And now, she is the patient. For decades, as a surgeon, researcher, professor and medical celebrity of sorts, Susan Love has led the charge against breast cancer and for women's health. She served on President Clinton's cancer advisory board. She set up a research foundation. Her book on breast cancer is on the short shelf for clinicians and counselors. And last June, when, like so many women, she was feeling and doing fine, the diagnosis came. Except it wasn't breast cancer but leukemia. The woman who has battled one kind of cancer on behalf of millions of women finds herself fighting another kind, on her own
behalf but not alone.
How did you find out you had leukemia?
My rheumatologist was retiring, and I had some arthritis, nothing serious, and I went in to see her. Rheumatologists always draw a lot of blood. I came back to work. I had run five miles the night before. I was feeling fine. I got a call two hours later from my primary care doctor saying: "I have shocking news for you; come back right now to UCLA for a bone marrow biopsy." The whole way over, I'm trying to remember — blastocysts, what does that mean again? When it's you, everything's out of your brain. Within 24 hours I was diagnosed with leukemia.
You've been on the other end of that call so many times.
Absolutely — those shocking phone calls where you change somebody's life. Your whole sense of yourself, of the future. It's "Oh my god." With breast cancer, it's a lump, but it's not like you're throwing up — you feel fine, then somebody tells you, no, you have terrorists growing in your body. So it was quite shocking. Within two weeks I was in City of Hope.
What did they do?
With leukemia, the blood cells have gone off. So you can't really have surgery; you can't cut out somebody's blood. You carpet-bomb — you blast away with chemo, and you kill everything. That's step one. Then you wait a little and make sure there wasn't some terrorist hiding in a cave that crawls out again. Sometimes they do it again to make 100% sure. Then they give you a bone marrow transplant.
Luckily my baby sister's bone marrow was a match. It's really a trip because it changes your blood type. I was O positive and now I'm B positive. That's actually good because if there are any leukemia cells that crawl out later, the new bone marrow cells recognize them as foreign and can knock them off.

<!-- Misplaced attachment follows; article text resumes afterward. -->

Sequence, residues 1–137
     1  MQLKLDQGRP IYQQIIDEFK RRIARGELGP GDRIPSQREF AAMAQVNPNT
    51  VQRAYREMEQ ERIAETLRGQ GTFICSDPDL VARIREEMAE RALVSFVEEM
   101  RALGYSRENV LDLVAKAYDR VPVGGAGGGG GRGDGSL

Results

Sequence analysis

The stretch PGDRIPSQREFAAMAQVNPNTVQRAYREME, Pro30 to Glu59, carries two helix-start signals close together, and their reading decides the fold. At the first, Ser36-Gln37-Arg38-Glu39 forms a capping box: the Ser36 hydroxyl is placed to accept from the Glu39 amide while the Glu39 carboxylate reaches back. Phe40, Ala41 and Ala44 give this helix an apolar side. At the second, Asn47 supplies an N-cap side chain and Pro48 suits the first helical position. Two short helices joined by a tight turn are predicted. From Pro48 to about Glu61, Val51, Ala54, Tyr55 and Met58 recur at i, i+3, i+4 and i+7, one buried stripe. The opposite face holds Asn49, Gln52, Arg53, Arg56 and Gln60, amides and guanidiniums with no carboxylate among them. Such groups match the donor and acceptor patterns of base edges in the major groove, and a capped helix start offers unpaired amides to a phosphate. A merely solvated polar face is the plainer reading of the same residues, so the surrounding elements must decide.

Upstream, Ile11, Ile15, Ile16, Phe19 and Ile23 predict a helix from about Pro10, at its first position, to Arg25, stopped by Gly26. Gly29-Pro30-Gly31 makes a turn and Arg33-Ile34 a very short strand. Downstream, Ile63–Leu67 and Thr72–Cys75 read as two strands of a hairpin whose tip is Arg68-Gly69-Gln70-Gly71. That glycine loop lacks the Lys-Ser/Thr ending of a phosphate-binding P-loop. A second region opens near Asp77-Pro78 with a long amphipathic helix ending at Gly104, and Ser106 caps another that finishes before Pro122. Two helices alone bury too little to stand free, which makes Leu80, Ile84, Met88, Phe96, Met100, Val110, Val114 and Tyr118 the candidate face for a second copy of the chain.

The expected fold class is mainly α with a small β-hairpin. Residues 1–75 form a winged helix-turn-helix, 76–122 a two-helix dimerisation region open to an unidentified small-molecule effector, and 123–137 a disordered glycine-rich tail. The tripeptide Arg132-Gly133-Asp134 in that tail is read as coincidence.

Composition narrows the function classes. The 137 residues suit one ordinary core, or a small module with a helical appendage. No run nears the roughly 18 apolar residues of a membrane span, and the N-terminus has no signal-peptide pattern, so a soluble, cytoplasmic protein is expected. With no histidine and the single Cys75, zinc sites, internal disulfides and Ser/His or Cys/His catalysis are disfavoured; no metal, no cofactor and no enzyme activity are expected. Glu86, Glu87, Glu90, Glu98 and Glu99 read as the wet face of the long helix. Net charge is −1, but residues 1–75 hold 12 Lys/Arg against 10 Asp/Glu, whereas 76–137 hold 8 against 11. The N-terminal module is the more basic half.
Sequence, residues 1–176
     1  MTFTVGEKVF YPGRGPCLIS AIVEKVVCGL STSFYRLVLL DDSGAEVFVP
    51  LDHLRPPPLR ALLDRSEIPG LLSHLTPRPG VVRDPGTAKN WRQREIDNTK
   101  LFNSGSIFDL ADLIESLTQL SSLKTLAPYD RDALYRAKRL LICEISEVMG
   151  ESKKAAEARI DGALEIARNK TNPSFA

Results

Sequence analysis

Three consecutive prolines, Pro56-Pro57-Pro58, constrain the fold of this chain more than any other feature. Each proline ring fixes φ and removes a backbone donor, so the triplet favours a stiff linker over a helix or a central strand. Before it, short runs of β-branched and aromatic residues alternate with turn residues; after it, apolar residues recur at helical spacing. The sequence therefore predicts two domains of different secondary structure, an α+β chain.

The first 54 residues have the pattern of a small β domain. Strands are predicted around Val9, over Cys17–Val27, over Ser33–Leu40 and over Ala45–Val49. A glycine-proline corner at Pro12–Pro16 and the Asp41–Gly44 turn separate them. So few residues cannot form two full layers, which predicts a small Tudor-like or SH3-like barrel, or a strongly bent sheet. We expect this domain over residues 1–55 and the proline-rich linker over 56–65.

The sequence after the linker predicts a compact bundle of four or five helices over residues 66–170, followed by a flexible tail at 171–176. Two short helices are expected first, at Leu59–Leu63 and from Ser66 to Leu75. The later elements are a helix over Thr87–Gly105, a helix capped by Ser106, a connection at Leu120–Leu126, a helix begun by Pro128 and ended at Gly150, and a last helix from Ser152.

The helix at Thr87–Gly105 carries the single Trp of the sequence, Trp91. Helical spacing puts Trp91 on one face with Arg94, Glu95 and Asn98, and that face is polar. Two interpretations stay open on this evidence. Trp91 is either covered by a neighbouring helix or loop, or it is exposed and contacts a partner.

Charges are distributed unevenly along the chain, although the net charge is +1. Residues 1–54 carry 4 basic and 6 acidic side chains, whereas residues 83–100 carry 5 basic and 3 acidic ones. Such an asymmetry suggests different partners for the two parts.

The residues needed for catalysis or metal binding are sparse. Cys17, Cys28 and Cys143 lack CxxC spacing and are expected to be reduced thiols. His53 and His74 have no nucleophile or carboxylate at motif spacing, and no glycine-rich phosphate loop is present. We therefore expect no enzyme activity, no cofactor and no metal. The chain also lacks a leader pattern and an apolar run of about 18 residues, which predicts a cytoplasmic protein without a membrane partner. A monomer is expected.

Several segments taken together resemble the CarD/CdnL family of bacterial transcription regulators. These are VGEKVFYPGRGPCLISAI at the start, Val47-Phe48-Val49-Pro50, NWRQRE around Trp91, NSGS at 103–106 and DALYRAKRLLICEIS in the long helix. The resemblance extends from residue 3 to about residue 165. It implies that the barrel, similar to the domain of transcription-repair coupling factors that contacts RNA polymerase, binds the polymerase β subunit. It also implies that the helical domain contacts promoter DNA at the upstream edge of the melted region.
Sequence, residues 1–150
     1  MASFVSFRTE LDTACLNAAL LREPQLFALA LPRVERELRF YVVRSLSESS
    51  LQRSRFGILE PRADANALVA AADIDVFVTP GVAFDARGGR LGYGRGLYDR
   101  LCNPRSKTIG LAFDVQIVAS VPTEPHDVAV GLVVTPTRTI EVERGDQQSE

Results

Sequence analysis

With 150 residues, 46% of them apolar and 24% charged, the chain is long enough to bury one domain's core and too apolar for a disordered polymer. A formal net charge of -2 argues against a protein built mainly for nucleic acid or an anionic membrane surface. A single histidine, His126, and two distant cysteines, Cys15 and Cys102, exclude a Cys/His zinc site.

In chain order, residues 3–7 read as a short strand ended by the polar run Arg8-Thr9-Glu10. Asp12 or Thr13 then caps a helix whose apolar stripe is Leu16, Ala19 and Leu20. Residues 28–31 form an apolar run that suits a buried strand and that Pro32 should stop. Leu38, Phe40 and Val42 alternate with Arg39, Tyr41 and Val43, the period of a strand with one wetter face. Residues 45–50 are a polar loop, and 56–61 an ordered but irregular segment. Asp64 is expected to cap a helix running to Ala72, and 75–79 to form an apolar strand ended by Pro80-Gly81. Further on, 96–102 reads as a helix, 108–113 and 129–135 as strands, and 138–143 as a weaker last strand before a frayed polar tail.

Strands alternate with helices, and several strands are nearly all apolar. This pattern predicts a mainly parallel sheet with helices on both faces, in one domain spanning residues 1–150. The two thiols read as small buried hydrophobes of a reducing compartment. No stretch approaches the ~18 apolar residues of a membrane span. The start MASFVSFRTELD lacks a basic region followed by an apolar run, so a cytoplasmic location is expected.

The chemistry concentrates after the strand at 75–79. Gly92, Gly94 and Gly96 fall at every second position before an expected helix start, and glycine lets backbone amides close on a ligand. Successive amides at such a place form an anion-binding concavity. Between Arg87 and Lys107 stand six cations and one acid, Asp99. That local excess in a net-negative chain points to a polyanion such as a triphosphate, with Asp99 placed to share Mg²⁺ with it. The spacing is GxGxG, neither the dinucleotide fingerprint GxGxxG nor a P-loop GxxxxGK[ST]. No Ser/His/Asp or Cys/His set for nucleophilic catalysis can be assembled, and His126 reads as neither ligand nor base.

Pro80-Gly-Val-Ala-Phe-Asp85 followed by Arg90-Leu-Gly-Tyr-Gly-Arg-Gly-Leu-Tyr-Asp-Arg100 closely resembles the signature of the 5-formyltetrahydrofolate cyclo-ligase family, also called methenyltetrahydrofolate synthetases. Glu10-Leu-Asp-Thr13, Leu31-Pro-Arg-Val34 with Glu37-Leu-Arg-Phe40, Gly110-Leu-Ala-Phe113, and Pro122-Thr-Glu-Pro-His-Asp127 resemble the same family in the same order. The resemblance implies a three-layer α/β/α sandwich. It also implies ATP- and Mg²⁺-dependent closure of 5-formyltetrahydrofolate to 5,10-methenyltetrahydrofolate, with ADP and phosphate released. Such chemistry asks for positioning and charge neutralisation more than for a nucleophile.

You had a team — doctors, nurses, your partner, your daughter, your siblings.
I had somebody in the room with me all the time. And City of Hope — they have two floors for bone marrow transplants. They've been doing it forever. The nurses, the orderlies, everybody there — that's what they do, and that's what you want.
How are you now?
Right now I'm fine. After the transplant you have to be home for 100 days; your immune system is getting better. If I go to the symphony, I wear a mask; you don't know who's there, and if they have flu or a cold, it's not worth it. Right now my bone marrow is clean and I'm feeling stronger, but something could be hiding — you never know.
If you have appendicitis and I take out your appendix, you're cured. But with this, it's not, "Now you're done and back to normal." You live in a different world.
Has leukemia changed your attitude toward breast cancer and your work?
In a couple of ways. About a year ago, I was at a conference in San Francisco, and I said, "We're all patients" — that the difference between a researcher and a patient and a doctor is that a patient [has] a diagnosis. We all need to put our expertise together.
It was prescient — little did I know! I feel even more strongly now that we make this artificial boundary. We have to rethink how we approach research. [Researchers] want to study ideas that might have applications to diseases, but we need to have the people with the diseases saying, "These are the things we need answers to."
In the old days, Pasteur would go from the patient's bedside to the lab and back again. But now doctors take care of patients; the researchers are way over here. Research is driven a lot by how we can get the next new drug that will make a lot of money and make us famous, as opposed to answering these questions.
I always talked about but never fully knew the collateral damage of treatment. Now I know it in a real way. I know it in my numb toes. I know it in the metallic taste in my mouth. These are things physicians discount. They're "You're lucky to be alive." [Doctors] focus on survival and not on what you have to live with.
If anything, having cancer myself has given me a new sense of urgency. We have a limited number of days in our lives — you become more aware of that — and if I'm going to spend them coming to work, then I'm not going to be just diddling around.